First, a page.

IMR Press / FBL / Volume 12 / Issue 6 / DOI: 10.2741/2231

Frontiers in Bioscience-Landmark (FBL) is published by IMR Press from Volume 26 Issue 5 (2021). Previous articles were published by another publisher on a subscription basis, and they are hosted by IMR Press on as a courtesy and upon agreement with Frontiers in Bioscience.

Plasma insulin levels predict the development of atherosclerosis when IRS2 deficiency is combined with severe hypercholesterolemia in apolipoprotein E-null mice
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1 Vascular Biology Laboratory, Department of Molecular and Cellular Pathology and Therapy, Instituto de Biomedicina de Valencia (IBV-CSIC), Valencia, Spain
2 Centro de Investigacion Principe Felipe, Valencia, Spain
3 Howard Hughes Medical Institute, Children’s Hospital Boston, Harvard Medical School, Boston, Massachusetts, USA
Academic Editor:Vicente Andres
Front. Biosci. (Landmark Ed) 2007, 12(6), 2291–2298;
Published: 1 January 2007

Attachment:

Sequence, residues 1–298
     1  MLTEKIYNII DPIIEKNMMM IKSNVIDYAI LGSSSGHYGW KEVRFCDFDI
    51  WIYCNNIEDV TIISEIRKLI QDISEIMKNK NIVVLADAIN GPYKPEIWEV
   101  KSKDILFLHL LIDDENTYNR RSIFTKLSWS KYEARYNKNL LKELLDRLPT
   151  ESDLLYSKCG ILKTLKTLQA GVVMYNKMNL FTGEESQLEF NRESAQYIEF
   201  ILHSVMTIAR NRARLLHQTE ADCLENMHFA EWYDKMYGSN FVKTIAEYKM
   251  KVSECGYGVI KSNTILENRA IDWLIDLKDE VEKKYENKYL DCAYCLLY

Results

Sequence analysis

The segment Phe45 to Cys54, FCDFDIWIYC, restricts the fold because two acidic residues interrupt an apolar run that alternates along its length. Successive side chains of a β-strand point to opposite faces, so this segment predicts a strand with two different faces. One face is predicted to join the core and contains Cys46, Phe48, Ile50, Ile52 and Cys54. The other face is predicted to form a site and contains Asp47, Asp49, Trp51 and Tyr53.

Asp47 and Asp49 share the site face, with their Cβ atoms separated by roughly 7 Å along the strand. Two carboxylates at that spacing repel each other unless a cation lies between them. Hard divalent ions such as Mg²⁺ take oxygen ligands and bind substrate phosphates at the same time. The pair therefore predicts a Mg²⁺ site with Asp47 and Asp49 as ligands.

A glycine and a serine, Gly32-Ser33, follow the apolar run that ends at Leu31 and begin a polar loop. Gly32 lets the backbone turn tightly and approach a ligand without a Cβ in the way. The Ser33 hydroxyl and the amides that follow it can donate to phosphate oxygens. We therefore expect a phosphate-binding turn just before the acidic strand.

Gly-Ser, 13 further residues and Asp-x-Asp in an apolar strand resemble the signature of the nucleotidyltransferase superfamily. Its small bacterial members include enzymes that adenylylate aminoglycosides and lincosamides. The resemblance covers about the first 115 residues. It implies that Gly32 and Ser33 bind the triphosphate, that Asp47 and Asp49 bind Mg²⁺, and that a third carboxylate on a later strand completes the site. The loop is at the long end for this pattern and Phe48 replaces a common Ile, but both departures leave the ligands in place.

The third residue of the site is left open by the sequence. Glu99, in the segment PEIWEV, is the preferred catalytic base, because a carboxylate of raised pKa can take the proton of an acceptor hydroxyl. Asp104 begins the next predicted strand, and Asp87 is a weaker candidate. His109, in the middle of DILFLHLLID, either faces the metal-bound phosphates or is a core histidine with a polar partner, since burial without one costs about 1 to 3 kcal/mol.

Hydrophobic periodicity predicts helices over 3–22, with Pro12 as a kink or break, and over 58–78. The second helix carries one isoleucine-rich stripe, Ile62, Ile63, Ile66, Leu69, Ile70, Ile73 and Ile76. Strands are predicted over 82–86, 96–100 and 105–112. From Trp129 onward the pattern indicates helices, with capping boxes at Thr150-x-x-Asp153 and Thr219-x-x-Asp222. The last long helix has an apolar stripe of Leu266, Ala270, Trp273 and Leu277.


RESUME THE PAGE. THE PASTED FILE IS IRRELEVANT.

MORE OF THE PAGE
Atherosclerosis is increased in type 2 diabetic patients but the precise mechanisms underlying this predisposition remain vague. Mice deficient for insulin receptor substrate 2 (IRS2) develop type 2-like diabetes and thus, provide a model to explore the molecular connection between deranged carbohydrate metabolism and atherosclerosis. To explore the relationship between defective insulin signalling and atherosclerosis, we have examined the development of atherosclerosis in the following groups of fat-fed mice: wild-type, diabetic Irs2-null (Irs2-/-), atherosclerosis-prone apolipoprotein E-null (apoE-/-), and doubly-deficient apoE-/- Irs2-/-. Surprisingly, glucose levels of apoE-/- Irs2-/-mice were comparable to those seen in wild-type and apoE-/- and significantly lower than in Irs2-/- mice. Irs2-/- and apoE-/- Irs2-/-were hyperinsulinemic compared to wild-type and apoE-/- mice. Atherosclerotic lesions were barely detectable in wild-type and Irs2-/- mice, which displayed moderate hypercholesterolemia (approximately 280 mg/dL). Notably, atherosclerosis was significantly enhanced in apoE-/- Irs2-/- compared with apoE-/- mice, although both models displayed similar levels of severe hypercholesterolemia (>600 mg/dL). Circulating insulin levels predicted atherosclerotic lesion burden in apoE-/- Irs2-/- mice. Our results suggest that hyperinsulinemia as a result of Irs2 genetic ablation contributes to increased atherosclerosis when combined with severe hypercholesterolemia in the absence of hyperglycaemia (apoE-/- Irs2-/- mice), thus implicating IRS2 as an important modulator of murine hypercholesterolemia-dependent atherosclerosis. Future studies are necessary to determine whether IRS2 dysfunction may promote atherosclerosis in normoglycemic, pre-diabetic patients with clinical manifestations of hyperinsulinemia and insulin resistance.

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